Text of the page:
Simulating thermal transport and dissipation: from 2D materials to hydrogen-bonded liquids

Seminar | March 10 | 2-4 p.m. | 100F Hildebrand Hall

 Davide Donadio

 College of Chemistry

The analytical theory of heat dates back to the Fourier in the 1800s, but thermal transport in nanoscale and molecular systems still poses major fundamental challenges. For example the very nature of heat transport in low-dimensional systems is matter of intense debate, as it is even unclear whether in nanostructures transport is properly described by Fourier law.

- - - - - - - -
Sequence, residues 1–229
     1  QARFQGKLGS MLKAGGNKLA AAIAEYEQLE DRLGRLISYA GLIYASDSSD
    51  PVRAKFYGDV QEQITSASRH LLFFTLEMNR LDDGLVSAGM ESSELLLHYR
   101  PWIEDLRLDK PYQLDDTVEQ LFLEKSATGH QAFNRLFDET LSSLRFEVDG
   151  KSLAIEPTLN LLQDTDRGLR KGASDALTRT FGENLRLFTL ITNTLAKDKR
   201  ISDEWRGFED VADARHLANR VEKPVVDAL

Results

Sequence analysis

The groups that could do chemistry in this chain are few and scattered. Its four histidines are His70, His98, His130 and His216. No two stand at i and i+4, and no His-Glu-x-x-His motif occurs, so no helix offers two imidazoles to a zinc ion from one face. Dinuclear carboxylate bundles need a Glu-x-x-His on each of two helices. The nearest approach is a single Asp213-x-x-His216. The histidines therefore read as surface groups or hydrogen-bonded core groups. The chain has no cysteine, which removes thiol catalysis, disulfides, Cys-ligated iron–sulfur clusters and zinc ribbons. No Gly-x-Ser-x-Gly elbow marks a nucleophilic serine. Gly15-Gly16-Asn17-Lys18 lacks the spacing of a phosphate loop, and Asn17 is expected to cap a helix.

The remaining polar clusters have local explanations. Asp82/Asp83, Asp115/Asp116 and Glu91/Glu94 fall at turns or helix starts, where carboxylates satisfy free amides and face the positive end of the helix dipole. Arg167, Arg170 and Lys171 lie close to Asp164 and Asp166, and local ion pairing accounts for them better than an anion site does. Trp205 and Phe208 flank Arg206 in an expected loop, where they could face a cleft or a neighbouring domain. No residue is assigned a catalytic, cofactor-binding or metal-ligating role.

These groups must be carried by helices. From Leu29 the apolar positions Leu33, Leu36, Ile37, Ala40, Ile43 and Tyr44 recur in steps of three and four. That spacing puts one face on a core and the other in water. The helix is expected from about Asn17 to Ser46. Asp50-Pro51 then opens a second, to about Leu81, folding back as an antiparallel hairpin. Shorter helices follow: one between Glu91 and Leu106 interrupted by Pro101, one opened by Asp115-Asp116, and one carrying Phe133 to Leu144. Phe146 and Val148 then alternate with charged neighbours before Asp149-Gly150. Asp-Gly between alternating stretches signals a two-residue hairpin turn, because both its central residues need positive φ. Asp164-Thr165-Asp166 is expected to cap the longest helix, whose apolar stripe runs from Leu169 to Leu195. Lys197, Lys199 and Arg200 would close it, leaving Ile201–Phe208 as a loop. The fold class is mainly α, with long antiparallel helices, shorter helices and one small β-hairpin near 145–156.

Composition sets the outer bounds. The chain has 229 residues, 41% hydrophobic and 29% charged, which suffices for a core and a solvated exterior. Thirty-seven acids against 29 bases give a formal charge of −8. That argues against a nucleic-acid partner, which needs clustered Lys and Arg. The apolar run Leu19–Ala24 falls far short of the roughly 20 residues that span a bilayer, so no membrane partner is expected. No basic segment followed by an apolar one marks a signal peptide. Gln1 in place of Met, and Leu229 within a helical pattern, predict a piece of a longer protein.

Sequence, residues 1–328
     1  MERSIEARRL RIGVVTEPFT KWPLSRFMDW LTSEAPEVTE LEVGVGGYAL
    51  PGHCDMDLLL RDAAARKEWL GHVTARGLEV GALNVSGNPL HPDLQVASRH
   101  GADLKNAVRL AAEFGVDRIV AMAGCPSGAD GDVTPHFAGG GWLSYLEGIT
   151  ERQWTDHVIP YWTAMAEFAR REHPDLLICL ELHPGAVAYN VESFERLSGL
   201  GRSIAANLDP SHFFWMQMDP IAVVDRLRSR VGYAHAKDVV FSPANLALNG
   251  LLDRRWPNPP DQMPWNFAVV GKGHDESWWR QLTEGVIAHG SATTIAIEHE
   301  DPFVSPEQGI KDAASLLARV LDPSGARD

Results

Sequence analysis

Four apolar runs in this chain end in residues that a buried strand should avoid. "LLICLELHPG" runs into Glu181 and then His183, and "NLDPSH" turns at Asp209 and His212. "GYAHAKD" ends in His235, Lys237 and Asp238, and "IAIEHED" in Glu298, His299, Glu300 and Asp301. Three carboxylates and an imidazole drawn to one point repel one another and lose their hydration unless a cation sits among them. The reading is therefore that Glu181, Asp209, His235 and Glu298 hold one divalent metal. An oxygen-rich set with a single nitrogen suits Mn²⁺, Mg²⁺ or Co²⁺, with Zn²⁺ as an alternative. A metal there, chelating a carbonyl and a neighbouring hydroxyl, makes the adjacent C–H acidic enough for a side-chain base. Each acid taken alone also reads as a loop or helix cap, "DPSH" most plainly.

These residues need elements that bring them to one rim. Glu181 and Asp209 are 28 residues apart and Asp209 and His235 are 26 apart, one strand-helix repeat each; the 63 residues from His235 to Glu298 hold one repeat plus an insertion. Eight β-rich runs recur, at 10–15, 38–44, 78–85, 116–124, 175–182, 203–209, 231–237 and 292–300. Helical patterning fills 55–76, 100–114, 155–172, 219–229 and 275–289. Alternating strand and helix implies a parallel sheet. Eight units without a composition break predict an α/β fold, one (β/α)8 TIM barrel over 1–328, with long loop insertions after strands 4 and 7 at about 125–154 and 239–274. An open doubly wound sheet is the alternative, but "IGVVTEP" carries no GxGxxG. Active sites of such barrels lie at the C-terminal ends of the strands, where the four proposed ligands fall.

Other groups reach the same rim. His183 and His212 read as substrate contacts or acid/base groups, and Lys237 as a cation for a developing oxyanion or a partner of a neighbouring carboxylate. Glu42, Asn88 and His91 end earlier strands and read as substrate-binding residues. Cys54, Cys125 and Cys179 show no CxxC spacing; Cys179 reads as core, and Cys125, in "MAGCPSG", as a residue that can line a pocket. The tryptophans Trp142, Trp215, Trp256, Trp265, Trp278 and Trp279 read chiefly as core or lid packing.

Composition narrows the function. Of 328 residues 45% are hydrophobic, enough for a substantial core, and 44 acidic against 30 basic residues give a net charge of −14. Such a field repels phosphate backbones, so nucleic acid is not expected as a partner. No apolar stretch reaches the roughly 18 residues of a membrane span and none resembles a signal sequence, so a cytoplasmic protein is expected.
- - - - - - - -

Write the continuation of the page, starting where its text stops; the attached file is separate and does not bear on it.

In this talk I will address some of the main questions concerning finite thermal conductivity in 2D materials, the transition between ballistic and diffusive regime and the effect of surface disorder on thermal conductivity. The insight obtained through molecular simulations paves the way to the realization of improved thermoelectric materials and nanophononic devices, such as thermal switches, amplifiers and rectifiers.
Finally I will address the case of energy relaxation in molecular liquids, and discuss how heat dissipation entangles to molecular energy relaxation in pump-probe experiments.